Palm-sized Megalodon tooth plucked from North Carolina beach made the finder feel like a lottery winner and paleontologists marvel at the trove of fossilized shark teeth unearthed recently.
Due to a mix of high tides and the recently occurring storms, a large number of fossilized shark teeth have been dug up from their sandy confinements. To the excitement of Denny Blend going for a relaxed day at the North Topsail Beach in North Carolina, he found one of them. A real treasure, the palm-sized Megalodon tooth went to the Aurora Fossil Museum, also in North Carolina.
“Oh my God, like I said I felt like I was a lottery winner or something. It’s like I’m the first one to touch that since it fell out of its mouth back in the day”.
The palm-sized tooth plucked from North Carolina beach is an impressive six inches long, with all striations perfectly preserved and fossilized. The Megalodon, a real monster roaming ancient oceans would have grown to as much as 60 feet long.
During the Miocene-Pliocene era, estimated from 15 million years back to 5 million years back, the Megalodon would have been the most fierce predator in the ancient oceans. Although it’s unclear what hastened the shark ancestor’s extinction, researchers have pinpointed this time at approximately 2.6 million years ago.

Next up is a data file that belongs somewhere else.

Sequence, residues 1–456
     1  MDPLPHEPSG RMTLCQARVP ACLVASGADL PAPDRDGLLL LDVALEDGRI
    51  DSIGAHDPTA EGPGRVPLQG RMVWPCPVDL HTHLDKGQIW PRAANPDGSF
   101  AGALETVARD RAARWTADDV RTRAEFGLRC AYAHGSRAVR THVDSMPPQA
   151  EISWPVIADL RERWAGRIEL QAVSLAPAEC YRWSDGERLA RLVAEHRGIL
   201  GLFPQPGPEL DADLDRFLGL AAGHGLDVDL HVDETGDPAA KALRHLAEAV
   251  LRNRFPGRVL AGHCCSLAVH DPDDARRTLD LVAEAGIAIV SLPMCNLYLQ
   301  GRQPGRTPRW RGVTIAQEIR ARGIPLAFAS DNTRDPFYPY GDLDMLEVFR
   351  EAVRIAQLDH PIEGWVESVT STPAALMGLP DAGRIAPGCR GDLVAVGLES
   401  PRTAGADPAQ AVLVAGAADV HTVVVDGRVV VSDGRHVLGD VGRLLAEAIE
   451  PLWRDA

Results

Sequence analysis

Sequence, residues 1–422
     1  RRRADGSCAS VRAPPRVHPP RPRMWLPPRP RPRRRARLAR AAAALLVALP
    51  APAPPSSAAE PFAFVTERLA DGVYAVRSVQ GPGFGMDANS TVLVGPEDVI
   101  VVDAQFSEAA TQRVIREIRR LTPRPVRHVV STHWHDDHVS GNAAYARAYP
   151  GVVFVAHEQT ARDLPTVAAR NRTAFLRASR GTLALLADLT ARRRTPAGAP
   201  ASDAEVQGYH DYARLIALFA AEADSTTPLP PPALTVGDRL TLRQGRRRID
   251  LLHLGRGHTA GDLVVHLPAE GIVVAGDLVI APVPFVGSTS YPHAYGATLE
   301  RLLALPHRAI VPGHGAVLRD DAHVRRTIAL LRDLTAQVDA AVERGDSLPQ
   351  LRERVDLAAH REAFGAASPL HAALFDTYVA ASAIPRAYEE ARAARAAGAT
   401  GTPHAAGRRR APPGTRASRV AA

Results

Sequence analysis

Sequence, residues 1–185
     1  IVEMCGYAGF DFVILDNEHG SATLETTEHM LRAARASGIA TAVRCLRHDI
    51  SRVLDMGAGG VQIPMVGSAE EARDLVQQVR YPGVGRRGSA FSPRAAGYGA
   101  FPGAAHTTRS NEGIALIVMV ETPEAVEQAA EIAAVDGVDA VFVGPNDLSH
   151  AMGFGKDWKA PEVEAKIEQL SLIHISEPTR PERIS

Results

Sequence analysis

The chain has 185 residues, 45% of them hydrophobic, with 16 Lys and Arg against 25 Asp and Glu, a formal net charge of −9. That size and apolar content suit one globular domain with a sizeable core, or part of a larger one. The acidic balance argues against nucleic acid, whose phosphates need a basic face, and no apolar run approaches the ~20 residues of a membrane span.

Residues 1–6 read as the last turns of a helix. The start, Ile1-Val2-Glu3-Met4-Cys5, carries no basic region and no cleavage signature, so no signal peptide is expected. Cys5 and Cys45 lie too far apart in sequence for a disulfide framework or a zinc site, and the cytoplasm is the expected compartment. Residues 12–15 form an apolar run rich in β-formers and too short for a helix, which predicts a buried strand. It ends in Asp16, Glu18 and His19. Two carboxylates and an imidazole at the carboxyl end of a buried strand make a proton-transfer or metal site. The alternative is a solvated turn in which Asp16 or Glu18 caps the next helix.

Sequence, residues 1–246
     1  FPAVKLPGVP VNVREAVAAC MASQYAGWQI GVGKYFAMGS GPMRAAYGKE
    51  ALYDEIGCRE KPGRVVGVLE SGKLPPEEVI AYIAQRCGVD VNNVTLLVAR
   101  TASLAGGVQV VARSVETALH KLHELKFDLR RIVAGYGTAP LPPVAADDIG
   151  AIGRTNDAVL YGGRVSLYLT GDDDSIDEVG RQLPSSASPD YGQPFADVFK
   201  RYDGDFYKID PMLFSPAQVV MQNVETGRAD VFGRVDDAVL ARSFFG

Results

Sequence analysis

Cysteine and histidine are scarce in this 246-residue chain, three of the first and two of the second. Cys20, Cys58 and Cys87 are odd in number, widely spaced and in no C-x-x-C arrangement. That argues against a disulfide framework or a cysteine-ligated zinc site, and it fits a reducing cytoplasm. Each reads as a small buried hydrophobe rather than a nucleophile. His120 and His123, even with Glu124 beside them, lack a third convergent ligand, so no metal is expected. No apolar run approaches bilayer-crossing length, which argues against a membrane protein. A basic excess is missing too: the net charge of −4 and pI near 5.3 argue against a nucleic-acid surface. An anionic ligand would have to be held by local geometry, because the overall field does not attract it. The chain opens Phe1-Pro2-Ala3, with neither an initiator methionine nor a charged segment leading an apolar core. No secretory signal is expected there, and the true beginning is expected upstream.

Compared to one of the most feared marine predator of present days, the great white shark, the Megalodon would be three times bigger. With a jaw three times stronger that of another massive predator, the Tyrannosaurus Rex, Megalodon ruled its environment. At least to the best of knowledge based on fossil studies.
According to Cynthia Crane with the Aurora Fossil Museum, the palm-sized Megalodon tooth is one of the largest ever found. Along with this fossils, other brought by the people who find them help expand the paleontology picture of North Carolina. Every contribution is welcome.
So many unearthed Megalodon teeth have helped scientists to establish a ratio growth. For each inch of the ancient shark’s tooth, the shark would have been ten feet longer. The analysis was made in comparison with the great white shark.
Although the Megalodon continue to evolve and grow over 14 million years of evolution, it might be its size that actually brought its demise. More prone to climate changes and the way it affected prey as well, it went extinct 2.6 million years ago.
Photo Credits: Flickr
Latest posts by Christina Langfold (see all)
- Scientists Discover the Second Fastest Spinning Pulsar In The Universe - Mar 11, 2019
- Coral Reef Damage Scares Florida Keys Researchers and Businesses - Mar 11, 2019
- Nike to Slash Global Workforce by 1,400 - Mar 11, 2019